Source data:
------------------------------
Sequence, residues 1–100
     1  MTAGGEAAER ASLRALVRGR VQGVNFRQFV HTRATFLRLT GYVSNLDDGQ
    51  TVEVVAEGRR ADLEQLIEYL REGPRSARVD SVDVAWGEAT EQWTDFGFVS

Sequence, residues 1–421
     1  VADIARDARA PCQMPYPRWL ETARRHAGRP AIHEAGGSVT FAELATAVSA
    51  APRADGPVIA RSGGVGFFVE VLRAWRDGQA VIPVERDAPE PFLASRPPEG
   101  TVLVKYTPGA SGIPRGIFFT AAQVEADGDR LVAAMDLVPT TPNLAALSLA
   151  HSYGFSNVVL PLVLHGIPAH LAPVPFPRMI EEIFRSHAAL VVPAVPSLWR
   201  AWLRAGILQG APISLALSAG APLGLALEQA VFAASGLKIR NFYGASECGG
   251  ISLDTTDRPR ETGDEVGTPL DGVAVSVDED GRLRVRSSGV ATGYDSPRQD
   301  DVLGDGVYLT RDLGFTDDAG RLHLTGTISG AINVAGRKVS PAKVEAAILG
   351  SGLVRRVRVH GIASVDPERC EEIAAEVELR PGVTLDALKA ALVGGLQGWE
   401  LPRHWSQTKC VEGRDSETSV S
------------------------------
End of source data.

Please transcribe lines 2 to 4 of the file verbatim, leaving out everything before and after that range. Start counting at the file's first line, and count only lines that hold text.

     1  MTAGGEAAER ASLRALVRGR VQGVNFRQFV HTRATFLRLT GYVSNLDDGQ
    51  TVEVVAEGRR ADLEQLIEYL REGPRSARVD SVDVAWGEAT EQWTDFGFVS

Sequence, residues 1–421